Measurable: Our aim was to teach BLS to as many children as practically possible on the day. Children’s understanding and technique was checked by experienced staff to ensure they had learned the skills safely. Although we did not collect formal feedback, verbal feedback and email contact from the schools afterwards was very positive. One child told us: “I feel like a hero, I can now save someone’s life.”

Attainable: Schools were consulted in advance to identify year groups who would engage well with the teaching and had time in their programmes to accommodate the session. The team took guidance on what would be helpful and we agreed our lesson plans with their teachers. Key teaching objectives were agreed by the teams visiting each site and adult BLS was taught according to St John’s Ambulance standards. The biggest resource required was clinical time, but the skill to be taught is a basic one and we were able to recruit faculty from a range of specialties and clinical roles (nursing, medical, outreach practitioners). This enabled us to have a faculty of 10 clinical staff without impacting on the running of the departments involved. Relevant: Knowing how to perform BLS is an essential life skill and empowering young people with the knowledge of how to respond in an emergency can be hugely beneficial. The Imperial teams were keen to develop relationships with local schools and raise our profile both locally and nationally, using social media to engage with a large-scale event.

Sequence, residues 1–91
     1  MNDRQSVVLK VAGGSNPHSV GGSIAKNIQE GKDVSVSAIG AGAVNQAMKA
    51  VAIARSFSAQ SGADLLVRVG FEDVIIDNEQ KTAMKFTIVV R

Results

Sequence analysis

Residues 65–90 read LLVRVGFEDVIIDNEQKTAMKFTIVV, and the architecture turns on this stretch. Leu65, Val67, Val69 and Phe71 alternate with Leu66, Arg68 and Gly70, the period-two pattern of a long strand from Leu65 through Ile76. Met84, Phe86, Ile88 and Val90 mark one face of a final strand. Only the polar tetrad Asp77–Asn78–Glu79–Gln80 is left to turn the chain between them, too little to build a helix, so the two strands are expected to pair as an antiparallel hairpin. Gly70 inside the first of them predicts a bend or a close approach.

Time bound: As the event was to take place on a specific date, all planning was done with this in mind and took place over a short period of time (around 2-3 weeks).


Progress made:

After the success of the first events, run in 2 schools, we now know we have a sustainable model and the potential for an annual event that can grow to include more children.


What have you learned from doing this?